Understanding rural distances

understanding rural distances

If you’ve just moved to a rural or regional area, the nearest supermarket may easily be 50km away. The same might also be the case for a post office or chemist, leaving you balancing the costs of petrol and car maintenance with the joys of peace and quiet. Both sides of the coin might leave you very well satisfied. If not, read on….

Don’t doubt

Firstly, chances are that if you love your new rural abode, you won’t be bothered by the opinions of visiting friends and family from the city. But be prepared for them to be shocked by the distances you now have to travel to get to undervalued places such as supermarkets. More than one country dweller has chuckled inwardly at the horror of guests who can’t understand them being quite OK with driving an hour to do the grocery shopping. But rustic residents quickly become used to travelling such distances with long hours on the road becoming the norm, rather than a rarity. While you’re getting to this contentment point, your former city self may also be initially shaken by qualms. But instead, why not think of it this way? Firstly, yes, your nearest grocery store takes a while to get to but the time spent driving there is similar to the hours you spent stuck in commuter traffic in the city. Then too, the drive through gorgeous bushland or along a coastline – displaying scenery you still find amazing – can be incredibly relaxing, and you can use the time to listen to some great music or podcast.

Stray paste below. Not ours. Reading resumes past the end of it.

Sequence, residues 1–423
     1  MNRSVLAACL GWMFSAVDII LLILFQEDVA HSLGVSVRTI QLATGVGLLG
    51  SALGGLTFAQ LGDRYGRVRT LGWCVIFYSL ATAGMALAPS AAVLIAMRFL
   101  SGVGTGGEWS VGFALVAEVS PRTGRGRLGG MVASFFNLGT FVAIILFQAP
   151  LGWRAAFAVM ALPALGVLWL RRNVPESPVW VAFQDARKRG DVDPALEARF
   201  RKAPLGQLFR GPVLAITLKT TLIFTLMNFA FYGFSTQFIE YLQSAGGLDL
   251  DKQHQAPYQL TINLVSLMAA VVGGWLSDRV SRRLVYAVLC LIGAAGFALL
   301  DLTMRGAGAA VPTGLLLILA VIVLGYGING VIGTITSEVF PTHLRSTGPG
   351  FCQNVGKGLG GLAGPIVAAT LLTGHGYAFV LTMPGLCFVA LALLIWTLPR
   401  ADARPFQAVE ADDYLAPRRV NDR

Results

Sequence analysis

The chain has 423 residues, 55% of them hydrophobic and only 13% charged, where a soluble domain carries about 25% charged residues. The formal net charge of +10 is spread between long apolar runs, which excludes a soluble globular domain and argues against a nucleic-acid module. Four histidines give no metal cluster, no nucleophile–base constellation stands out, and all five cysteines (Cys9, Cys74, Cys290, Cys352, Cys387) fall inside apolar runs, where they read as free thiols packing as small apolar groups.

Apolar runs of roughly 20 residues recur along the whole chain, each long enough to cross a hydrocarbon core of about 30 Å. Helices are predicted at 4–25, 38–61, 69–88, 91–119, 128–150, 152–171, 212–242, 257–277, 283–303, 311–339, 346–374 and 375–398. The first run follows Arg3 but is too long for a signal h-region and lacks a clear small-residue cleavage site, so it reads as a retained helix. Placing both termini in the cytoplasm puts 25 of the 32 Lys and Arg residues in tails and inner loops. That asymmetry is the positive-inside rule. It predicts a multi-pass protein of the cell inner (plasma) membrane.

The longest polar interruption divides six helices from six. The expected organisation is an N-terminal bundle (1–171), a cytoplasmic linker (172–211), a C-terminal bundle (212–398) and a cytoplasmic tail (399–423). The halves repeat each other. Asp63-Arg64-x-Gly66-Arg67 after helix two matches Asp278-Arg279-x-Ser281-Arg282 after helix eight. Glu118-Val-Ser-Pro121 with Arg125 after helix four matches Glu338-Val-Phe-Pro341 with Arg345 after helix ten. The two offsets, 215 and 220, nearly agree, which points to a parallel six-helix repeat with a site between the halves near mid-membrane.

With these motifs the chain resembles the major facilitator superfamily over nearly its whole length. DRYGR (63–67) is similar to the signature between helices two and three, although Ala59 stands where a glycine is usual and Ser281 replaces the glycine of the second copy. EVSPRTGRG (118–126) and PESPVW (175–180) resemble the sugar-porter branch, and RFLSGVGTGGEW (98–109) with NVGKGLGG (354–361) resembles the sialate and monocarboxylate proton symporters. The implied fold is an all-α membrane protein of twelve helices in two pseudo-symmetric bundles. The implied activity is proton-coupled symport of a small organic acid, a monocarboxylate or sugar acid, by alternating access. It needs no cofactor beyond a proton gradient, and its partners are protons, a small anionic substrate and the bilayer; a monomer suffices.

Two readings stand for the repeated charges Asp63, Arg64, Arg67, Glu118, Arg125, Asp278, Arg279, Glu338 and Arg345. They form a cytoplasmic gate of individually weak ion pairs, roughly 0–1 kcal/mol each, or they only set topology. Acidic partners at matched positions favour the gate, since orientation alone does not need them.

On the road – again

A warning though: try to avoid driving early in the morning or at sunset as your peaceful drive could end up in a nasty accident with a kangaroo, wallaby or similar! On this note, add bull bars and ‘roo lights to your list of crucial inclusions for your country-style car. A good tool kit including a spare tyre in good condition is also important.

When you arrive

So far, you’ve enjoyed a relaxing, scenic drive for an hour or two. You haven’t hit any wildlife and you’ve just arrived at your “local” town with its one main street and a few shops. One of the best points about country living happens as soon as you open the car door. People wave, stop on the street to chat with you, and you know the store owner, café waitresses and post office manager. It’s a fabulous experience and brings a comforting ambience to your grocery shopping day. This is what makes country living so special especially when compared to a busy, trendy shopping centre with a wealth of shops you never even entered. The density that you hate is far away and has been replaced by a loving connection you never thought you’d find. And once you’ve finished your shopping, some wonderful tourist meccas are only metres away.

The good part

Of course, when you don’t need bread and milk, the sheer simplicity of country living is where you’ll be reimbursed for the extra petrol you have to buy for grocery road trips – or to fix your car when it’s been battered by a roadkill. No nearby shopping centres, restaurants and cafes, and every reason to dress unpretentiously, will have you saving big time on clothes, eating out and more. Along with the serenity on your doorstep, which you’ve craved for years, there’s definitely something to be said for rural living and its long distances.